But nothing changed. God didn’t answer his prayer, or ours, though we were all believing with faith that the God of the Universe, the God for whom nothing is impossible, could easily make Ryan straight. But He did not.
Though our hearts may have been good (we truly thought what we were doing was loving), we did not even give Ryan a chance to wrestle with God, to figure out what he believed God was telling him through scripture about his sexuality. We had believed firmly in giving each of our four children the space to question Christianity, to decide for themselves if they wanted to follow Jesus, to truly own their own faith. But we were too afraid to give Ryan that room when it came to his sexuality, for fear that he’d make the wrong choice.
Basically, we told our son that he had to choose between Jesus and his sexuality. We forced him to make a choice between God and being a sexual person. Choosing God, practically, meant living a lifetime condemned to being alone. He would never have the chance to fall in love, have his first kiss, hold hands, share intimacy and companionship or experience romance.
And so, just before his 18th birthday, Ryan, depressed, suicidal, disillusioned and convinced that he would never be able to be loved by God, made a new choice. He decided to throw out his Bible and his faith at the same time and try searching for what he desperately wanted — peace — another way. And the way he chose to try first was drugs.
We had unintentionally taught Ryan to hate his sexuality. And since sexuality cannot be separated from the self, we had taught Ryan to hate himself. So as he began to use drugs, he did so with a recklessness and a lack of caution for his own safety that was alarming to everyone who knew him.
Suddenly our fear of Ryan someday having a boyfriend (a possibility that honestly terrified me) seemed trivial in contrast to our fear of Ryan’s death, especially in light of his recent rejection of Christianity and his mounting anger at God.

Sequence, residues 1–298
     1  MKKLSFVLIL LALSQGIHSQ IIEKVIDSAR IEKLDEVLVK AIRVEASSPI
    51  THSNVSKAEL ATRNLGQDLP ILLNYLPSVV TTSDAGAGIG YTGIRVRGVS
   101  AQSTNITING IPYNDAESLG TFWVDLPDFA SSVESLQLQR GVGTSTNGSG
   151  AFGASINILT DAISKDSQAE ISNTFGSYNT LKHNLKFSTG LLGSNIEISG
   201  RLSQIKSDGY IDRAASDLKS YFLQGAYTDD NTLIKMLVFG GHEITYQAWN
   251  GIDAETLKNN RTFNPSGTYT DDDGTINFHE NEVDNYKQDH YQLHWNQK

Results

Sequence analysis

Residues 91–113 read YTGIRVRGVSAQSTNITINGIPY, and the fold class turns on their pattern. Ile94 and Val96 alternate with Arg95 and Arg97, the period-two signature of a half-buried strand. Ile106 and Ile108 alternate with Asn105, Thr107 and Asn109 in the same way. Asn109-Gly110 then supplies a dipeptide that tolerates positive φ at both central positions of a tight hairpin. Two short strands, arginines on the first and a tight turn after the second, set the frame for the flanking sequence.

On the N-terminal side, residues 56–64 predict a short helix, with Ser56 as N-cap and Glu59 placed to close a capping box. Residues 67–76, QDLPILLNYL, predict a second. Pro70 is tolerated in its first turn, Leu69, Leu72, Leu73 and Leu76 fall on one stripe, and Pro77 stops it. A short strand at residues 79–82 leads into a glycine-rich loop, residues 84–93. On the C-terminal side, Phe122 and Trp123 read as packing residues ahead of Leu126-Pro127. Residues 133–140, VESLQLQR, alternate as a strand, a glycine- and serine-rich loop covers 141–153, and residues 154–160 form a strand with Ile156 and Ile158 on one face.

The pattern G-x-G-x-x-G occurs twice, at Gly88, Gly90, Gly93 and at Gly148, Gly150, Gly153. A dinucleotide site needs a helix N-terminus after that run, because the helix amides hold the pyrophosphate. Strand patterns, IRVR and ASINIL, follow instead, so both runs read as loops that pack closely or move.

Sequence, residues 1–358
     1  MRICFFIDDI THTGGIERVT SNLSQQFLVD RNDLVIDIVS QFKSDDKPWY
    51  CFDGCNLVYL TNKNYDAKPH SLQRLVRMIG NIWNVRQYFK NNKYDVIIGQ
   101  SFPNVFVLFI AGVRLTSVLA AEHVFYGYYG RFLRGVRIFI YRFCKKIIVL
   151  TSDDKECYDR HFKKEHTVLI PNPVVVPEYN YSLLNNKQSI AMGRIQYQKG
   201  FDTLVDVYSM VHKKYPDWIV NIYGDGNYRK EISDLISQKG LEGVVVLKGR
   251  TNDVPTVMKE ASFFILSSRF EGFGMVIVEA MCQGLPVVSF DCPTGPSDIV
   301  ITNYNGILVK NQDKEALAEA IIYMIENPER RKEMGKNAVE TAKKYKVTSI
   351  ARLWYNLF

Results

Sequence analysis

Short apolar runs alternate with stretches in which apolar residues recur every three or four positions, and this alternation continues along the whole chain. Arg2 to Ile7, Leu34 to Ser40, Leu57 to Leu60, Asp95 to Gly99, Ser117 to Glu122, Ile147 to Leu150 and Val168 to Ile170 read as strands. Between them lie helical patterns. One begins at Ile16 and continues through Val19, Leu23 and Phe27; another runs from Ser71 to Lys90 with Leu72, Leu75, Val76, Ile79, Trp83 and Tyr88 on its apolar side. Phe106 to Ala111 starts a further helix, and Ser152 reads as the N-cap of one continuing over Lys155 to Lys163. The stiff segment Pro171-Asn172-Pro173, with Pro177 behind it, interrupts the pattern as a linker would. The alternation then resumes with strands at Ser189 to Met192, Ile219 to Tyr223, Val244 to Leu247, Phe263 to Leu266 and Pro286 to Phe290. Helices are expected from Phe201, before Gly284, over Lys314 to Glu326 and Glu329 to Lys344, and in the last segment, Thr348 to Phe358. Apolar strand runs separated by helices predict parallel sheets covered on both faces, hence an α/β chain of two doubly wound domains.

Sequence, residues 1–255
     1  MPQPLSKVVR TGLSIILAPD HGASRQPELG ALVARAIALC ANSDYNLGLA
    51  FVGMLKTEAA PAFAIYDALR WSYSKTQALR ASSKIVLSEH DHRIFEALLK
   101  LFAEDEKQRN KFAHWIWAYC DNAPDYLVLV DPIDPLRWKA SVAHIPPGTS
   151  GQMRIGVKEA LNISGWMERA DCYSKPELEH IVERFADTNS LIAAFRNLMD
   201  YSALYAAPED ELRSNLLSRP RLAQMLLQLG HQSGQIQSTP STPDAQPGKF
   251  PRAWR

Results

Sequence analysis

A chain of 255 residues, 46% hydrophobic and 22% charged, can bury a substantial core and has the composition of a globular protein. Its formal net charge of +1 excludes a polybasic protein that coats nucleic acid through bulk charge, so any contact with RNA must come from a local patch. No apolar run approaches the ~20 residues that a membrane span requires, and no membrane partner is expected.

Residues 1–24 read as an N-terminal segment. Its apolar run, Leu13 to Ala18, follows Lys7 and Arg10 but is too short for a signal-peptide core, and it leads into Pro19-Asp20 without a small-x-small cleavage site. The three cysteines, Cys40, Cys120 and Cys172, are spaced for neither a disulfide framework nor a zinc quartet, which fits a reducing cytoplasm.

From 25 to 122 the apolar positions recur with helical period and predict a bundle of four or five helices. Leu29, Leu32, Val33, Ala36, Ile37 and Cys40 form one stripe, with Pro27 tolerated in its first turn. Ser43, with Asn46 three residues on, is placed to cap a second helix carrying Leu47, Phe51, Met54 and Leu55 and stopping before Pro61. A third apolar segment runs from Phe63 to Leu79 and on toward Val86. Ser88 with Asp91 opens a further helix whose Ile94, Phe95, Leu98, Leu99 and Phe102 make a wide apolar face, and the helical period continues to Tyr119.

Ryan started with weed and beer, but in six short months was using cocaine, crack and heroin. He was hooked from the beginning, and his self-loathing and rage at God only fueled his addiction. Shortly thereafter, we lost contact with him. For the next year and a half, we didn’t know where he was or even if he was dead or alive. And during that horrific time, God had our full attention. We stopped praying for Ryan to become straight. We started praying for him to know that God loved him. We stopped praying for him to never have a boyfriend. We started praying that someday we might actually get to know his boyfriend. We even stopped praying for him to come home to us; we only wanted him to come home to God.
By the time our son called us, after 18 long months of silence, God had completely changed our perspective. Because Ryan had done some pretty terrible things while using drugs, the first thing he asked me was this:
Do you think you can ever forgive me? (I told him of course, he was already forgiven. He had always been forgiven.)
Do you think you could ever love me again? (I told him that we had never stopped loving him, not for one second. We loved him then more than we had ever loved him.)
Do you think you could ever love me with a boyfriend? (Crying, I told him that we could love him with 15 boyfriends. We just wanted him back in our lives. We just wanted to have a relationship with him again… and with his boyfriend.)
And a new journey was begun, one of healing, restoration, open communication and grace.Lots of grace. And God was present every step of the way, leading and guiding us, gently reminding us simply to love our son and leave the rest up to Him.